Hi @tlrenkensebastian,

Thanks for bringing up this topic!

A large part of the advice that the webmaster sent you is about avoiding mixed content problems

which is technically a different part of web development than just getting a certificate from Let's Encrypt (although it's fairly closely related). It's conceivable that you or many other people in this situation could skip steps 1, 4, 5, and 6, without running into any problems. If you did run into problems, you could also get help here or elsewhere on the web to try to deal with the problems.

But I understand that your webmaster is trying to be proactive in order to head off potential problems and pitfalls in advance.

A big challenge in trying to write documentation for using Let's Encrypt, or any aspect of running a web site, is that web hosting and web development are so varied in terms of software environments. If people are using WordPress, there may be one set of things that are relevant to them (but not everyone uses WordPress). If they're using cPanel, another (but not everyone uses cPanel). If they're using Bitnami, another (but not everyone uses Bitnami). If they're using GoDaddy's or OVH's packages, maybe yet another (but again, not everyone uses these).

When people have come to this forum looking for help, we give them a form to fill out that asks them a lot of questions about their particular setup and hosting environment, in order to try to figure what kind of documentation or advice would be relevant to them. Some people skip over all this and just say "why can't you just tell me how to get a certificate?" or something, and we have to try to explain that there are more than 100 different ways of integrating Let's Encrypt certificates into a site depending on how and where it's hosted and using which technologies!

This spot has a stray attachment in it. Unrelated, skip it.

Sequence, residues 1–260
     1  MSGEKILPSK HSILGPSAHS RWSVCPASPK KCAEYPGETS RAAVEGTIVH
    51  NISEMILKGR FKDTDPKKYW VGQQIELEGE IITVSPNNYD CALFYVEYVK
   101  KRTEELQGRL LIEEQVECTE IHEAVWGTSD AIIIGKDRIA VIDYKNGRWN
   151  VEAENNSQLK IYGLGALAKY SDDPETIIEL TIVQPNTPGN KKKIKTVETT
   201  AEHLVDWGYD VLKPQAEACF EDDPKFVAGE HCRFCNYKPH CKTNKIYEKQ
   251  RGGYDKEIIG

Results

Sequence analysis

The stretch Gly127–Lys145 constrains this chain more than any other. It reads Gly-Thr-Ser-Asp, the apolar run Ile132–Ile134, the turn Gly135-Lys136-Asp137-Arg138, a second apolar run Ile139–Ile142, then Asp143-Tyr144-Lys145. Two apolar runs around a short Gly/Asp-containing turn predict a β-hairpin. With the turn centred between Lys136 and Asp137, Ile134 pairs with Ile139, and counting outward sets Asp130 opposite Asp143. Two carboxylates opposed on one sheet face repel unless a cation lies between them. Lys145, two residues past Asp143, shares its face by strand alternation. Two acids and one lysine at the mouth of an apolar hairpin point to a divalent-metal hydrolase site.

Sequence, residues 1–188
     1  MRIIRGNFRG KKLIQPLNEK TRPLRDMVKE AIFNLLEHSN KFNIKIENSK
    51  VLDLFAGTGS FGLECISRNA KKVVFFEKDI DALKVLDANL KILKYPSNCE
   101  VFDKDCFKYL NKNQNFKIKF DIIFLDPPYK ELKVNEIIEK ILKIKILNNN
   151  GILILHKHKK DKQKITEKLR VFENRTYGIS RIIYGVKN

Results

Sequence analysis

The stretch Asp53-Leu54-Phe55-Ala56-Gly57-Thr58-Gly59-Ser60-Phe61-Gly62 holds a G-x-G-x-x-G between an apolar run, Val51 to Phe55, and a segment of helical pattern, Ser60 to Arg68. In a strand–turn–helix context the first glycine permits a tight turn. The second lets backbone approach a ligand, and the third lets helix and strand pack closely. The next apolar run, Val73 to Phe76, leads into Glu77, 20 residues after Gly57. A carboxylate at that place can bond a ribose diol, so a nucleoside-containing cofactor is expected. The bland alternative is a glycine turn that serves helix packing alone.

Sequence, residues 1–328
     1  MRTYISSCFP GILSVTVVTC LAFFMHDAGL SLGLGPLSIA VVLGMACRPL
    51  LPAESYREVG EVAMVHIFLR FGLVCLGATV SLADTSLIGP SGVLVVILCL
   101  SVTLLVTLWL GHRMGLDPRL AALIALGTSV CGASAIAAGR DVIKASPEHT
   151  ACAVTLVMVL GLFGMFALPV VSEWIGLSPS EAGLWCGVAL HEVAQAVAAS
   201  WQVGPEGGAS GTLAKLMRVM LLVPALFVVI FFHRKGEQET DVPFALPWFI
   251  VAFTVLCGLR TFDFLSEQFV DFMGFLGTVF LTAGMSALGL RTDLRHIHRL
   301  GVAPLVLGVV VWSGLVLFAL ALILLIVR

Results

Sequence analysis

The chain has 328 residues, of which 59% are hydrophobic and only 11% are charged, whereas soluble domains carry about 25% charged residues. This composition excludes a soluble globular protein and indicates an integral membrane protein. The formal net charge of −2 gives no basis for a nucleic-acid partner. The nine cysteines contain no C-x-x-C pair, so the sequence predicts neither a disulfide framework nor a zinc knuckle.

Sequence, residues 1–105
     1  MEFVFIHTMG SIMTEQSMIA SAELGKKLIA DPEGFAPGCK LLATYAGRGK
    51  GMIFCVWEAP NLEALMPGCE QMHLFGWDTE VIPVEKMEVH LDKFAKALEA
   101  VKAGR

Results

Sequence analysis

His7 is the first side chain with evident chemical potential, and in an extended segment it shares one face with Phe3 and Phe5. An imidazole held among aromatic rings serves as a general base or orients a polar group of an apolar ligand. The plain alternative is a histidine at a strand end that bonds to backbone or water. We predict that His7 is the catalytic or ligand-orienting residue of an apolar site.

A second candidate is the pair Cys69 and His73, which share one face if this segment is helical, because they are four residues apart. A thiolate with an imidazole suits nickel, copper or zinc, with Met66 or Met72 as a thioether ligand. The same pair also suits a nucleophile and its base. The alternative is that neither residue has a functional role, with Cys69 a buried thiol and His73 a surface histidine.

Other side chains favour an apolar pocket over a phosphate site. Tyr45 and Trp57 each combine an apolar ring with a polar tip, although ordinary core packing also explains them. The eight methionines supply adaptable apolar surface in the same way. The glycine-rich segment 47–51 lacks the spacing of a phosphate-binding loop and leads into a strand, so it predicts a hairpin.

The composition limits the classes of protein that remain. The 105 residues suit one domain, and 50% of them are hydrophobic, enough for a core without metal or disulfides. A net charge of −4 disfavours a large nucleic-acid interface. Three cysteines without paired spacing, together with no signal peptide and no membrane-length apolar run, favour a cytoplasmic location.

Also, something that I think you're alluding to, the different people doing this have very different levels of prior experience and knowledge. Some of them have had a certificate for many years from some other (paid) certificate authority and just want to understand what is different between Let's Encrypt and other certificate authorities. Others have a detailed knowledge of web development and server administration, but need advice about which software and settings would be relevant to them. And others are unclear on some of the background concepts (like the difference between a domain registrar and a web host, or whether they're on a shared hosting plan or have their own servers).

So it's really tricky to figure out what information to highlight and what to assume about people who are encountering this for the first time!

As a newcomer who is interested in the quality and accessibility of the introductory documentation, you could give very helpful feedback about what you personally find useful or not, or how you'd like to see things changed. Two places that are meant as entry points for newcomers are the Let's Encrypt Getting Started page

and the Certbot landing page

(Note that Certbot definitely isn't relevant for everyone, but EFF, where I was working at the time, put a bunch of effort into trying to make this landing page potentially helpful for everyone, including helping people understand whether Certbot is right for them or not.)